In the US, shareholders can form a class action to sue a company under S10b-5 of the Securities Exchange Act for allegedly releasing misleading information, or for failing to disclose material information. The substantial cost of litigation, and its associated impact on shareholder value, has prompted debate over whether to reform access to the shareholder class action mechanism. However, the debate is as yet unguided by any study of the long-term financial impact on firms involved in litigation.
Solvency II is a European Union (EU) legislative program that introduces a harmonised insurance regulatory regime across the region. The program is one of the first insurance regulations in the world to follow the Basel Accord approach, with a 3-pillar structure that covers capital requirements, risk management and disclosure requirements. In Australia, the Life and General Insurance Capital (LAGIC) regime, which governs life and general insurers, follows a similar approach. In common with Solvency II, LAGIC adopts a risk-based approach for insurers, aimed at tailoring insurers’ capital requirements to their actual risk exposure. This is because the insurance industry is widely considered to be of systemic importance to the financial sector of the economy. This study focuses on Pillar 1, which deals with the capital requirements of the insurance regulations.
The shift from defined benefit to defined contribution superannuation schemes within developed countries has correspondingly increased the importance of retirement savings and investment plans. Variable annuities (VAs) with guaranteed minimum benefits (GMBs) are gaining in popularity as products that can meet the demands of the ageing population. However, guaranteeing policyholders a minimum level of return exposes insurance providers to equity risk.
The recent high profile court cases in the U.S., UK and China on high frequency trading (HFT) have further elevated the concerns about HFT. In particular, a core issue in the ongoing debate is the impact of HFT on market liquidity.
Are rules and their enforcement effective at mitigating insider trading? A study shows that rules and surveillance together have the potential to mitigate the perpetration of market manipulation but also to exacerbate the profits from such manipulative activities.
Managers and major shareholders typically have an information advantage over outside investors when trading a company’s shares.
Ethan Wang Summary 15-12-14
Increasing life expectancy rates are extending the liability profiles of annuity income providers. However, the challenge of devising asset allocation strategies to fund these liabilities is complicated by a lack of appropriate assets.
Estelle Liu Summary 15-12-14
Evidence from UK interest rate futures market reveals that traders have been “drowning” the market with oversized orders, increasing their allocation under a pure pro-rata matching algorithm.
Sean Foley Summary 14-11-14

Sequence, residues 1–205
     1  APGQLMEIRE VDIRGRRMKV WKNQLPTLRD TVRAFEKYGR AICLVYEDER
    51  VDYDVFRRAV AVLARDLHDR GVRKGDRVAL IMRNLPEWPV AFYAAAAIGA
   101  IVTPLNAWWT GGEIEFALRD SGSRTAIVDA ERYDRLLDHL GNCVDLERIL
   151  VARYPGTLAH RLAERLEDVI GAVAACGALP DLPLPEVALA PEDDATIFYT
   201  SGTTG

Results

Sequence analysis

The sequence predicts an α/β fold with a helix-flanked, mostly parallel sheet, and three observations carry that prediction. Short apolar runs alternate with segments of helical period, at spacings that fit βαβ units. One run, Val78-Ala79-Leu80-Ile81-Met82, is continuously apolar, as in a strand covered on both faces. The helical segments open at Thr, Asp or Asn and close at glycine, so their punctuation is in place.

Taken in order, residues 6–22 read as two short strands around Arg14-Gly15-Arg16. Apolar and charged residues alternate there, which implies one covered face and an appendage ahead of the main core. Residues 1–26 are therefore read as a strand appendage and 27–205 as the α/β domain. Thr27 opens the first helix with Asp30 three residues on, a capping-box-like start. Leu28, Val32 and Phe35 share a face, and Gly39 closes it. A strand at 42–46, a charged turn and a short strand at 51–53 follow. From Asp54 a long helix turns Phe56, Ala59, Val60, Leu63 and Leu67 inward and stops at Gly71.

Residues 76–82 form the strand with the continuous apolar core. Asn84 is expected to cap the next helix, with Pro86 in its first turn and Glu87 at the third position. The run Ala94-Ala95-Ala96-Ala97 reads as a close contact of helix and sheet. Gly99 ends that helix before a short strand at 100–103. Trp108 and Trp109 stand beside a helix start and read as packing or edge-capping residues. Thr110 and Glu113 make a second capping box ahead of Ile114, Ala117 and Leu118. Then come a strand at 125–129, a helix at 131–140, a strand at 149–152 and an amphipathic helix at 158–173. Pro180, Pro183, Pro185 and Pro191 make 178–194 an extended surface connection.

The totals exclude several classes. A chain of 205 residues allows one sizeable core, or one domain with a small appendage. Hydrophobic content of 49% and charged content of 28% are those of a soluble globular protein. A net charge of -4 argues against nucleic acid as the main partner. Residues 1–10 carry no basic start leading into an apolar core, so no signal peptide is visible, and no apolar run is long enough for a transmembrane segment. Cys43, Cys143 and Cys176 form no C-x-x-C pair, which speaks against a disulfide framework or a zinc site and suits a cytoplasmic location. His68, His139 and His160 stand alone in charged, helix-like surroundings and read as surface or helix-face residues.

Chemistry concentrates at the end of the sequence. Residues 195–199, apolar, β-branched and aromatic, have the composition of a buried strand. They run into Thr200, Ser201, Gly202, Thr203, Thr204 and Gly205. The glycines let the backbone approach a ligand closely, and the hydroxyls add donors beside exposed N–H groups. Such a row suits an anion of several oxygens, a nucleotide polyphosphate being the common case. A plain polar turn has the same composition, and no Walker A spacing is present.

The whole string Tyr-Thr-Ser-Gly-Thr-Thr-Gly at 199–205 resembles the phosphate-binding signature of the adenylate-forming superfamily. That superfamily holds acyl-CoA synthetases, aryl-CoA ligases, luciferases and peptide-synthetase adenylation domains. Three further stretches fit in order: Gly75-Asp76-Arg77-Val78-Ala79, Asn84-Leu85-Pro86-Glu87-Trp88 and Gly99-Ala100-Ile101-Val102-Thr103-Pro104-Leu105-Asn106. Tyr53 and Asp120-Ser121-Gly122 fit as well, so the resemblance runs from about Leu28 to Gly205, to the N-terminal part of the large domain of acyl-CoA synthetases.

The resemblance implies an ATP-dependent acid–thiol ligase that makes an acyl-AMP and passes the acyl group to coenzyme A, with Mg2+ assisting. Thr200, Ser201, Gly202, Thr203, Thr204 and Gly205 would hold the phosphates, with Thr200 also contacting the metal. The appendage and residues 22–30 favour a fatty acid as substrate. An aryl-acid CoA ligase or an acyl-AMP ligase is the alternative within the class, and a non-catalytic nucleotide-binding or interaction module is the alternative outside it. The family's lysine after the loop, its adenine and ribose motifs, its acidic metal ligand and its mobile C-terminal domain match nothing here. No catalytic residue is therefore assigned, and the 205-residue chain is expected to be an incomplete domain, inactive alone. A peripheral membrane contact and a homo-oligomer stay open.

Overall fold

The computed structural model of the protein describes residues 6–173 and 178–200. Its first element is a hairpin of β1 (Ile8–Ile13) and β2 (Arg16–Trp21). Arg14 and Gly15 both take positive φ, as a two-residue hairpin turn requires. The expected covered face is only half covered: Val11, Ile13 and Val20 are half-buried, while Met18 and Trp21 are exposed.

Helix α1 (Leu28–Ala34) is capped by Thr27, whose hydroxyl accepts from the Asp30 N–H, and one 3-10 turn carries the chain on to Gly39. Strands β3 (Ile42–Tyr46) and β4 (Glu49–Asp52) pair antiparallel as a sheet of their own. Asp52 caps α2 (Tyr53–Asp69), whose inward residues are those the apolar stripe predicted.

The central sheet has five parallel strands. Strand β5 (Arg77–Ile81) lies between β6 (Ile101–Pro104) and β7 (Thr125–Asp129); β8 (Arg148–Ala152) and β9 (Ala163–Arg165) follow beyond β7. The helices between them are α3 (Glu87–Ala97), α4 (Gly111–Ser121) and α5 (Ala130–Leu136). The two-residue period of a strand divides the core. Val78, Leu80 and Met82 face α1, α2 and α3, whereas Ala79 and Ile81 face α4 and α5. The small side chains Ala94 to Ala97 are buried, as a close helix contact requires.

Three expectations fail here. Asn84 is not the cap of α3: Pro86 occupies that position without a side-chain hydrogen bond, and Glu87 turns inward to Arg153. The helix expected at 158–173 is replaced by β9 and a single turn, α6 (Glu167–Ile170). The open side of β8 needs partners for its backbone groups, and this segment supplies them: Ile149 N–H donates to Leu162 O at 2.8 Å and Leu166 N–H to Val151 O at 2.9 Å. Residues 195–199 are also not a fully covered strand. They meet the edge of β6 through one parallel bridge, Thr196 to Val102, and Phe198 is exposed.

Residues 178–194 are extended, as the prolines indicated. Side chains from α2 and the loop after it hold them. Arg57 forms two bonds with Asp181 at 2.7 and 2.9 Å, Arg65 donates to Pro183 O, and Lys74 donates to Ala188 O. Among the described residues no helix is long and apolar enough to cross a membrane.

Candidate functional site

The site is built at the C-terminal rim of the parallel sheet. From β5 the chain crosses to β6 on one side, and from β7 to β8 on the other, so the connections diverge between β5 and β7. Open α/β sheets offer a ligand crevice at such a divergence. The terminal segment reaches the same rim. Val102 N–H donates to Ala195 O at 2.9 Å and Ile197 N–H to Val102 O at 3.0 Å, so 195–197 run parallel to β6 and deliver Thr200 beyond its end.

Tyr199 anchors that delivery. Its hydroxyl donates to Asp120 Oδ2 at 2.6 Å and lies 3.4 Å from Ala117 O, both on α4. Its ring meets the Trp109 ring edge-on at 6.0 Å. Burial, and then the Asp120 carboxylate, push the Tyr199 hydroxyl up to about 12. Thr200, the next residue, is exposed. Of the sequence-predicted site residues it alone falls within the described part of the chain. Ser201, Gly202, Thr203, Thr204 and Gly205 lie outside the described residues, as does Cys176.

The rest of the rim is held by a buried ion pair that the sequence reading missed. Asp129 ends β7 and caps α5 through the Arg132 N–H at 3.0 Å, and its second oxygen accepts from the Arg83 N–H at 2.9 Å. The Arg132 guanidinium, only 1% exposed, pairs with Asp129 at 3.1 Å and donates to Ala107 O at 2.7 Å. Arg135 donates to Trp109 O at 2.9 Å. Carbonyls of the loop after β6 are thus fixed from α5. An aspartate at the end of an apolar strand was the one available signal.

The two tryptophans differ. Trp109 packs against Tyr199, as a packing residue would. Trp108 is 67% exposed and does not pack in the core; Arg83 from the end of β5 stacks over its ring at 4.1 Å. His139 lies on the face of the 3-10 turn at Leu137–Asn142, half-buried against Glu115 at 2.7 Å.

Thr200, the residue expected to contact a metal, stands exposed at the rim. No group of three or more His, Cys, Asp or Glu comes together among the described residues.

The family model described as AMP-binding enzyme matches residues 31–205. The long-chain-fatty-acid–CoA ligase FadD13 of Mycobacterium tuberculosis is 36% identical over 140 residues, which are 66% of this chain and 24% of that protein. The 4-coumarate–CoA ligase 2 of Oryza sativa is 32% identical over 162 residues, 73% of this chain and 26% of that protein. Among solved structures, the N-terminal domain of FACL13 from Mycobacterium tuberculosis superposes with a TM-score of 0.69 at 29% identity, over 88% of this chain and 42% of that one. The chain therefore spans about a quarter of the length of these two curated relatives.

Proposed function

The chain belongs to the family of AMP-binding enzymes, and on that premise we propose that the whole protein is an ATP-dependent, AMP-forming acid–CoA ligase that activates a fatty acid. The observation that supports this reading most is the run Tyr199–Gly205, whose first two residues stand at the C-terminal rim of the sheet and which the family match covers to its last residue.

Seasoned equity offerings (SEOs) are widely regarded as one of the most important capital structure events for listed companies. CMCRC researchers show brokers affiliated with SEO managers gain additional market share during SEOs as compared to unaffiliated brokers.
Motivated by ongoing debates on investment-cash flow sensitivity (ICFS), its relation to firm-level financial constraints and its documented decline in the U.S., we investigate the determinants of cross-country and time-series variation in ICFS.
Fariborz Moshirian,Vikram Nanda,Alexander Vadilyev,Bohui Zhang Full Article 20-05-14
A new study by CMCRC researchers James Melouney and Dr. Matthew Clifton report that a trading strategy based on short-selling information can be used to develop several stock portfolios, achieving annual returns ranging from 0.2118% to 6.3015% after transaction costs.
James Melouney Summary 01-05-14
CMCRC research reports the efficiency of opening prices is associated with the stock- specific open-auction sequence on the ASX. The sequential nature of the Australian opening auction implies that some stocks always open before other.
An emulation fund collects trade signals from a sponsor’s multi-manager portfolio (e.g. a superannuation fund that hires a number of underlying active managers to make trading decisions) and rebalances on a lagged basis to match its holdings.
Our paper is among the first to provide an empirical assessment as to whether High Frequency Trading (HFT) has a positive effect on market fairness.
Our research shows that the volume traded by insiders is positively linked to the value of their insider information and negatively related to the likely penalty they will receive if detected by market regulators.
There are certain stocks with similar characteristics to lottery tickets, though with a very small chance of winning and a negative average return, why would any investor choose to purchase such “lottery stocks”?
A new study investigates whether an investment strategy which rotates between different investment styles based on macroeconomic signals adds economic value using stock and fund level data.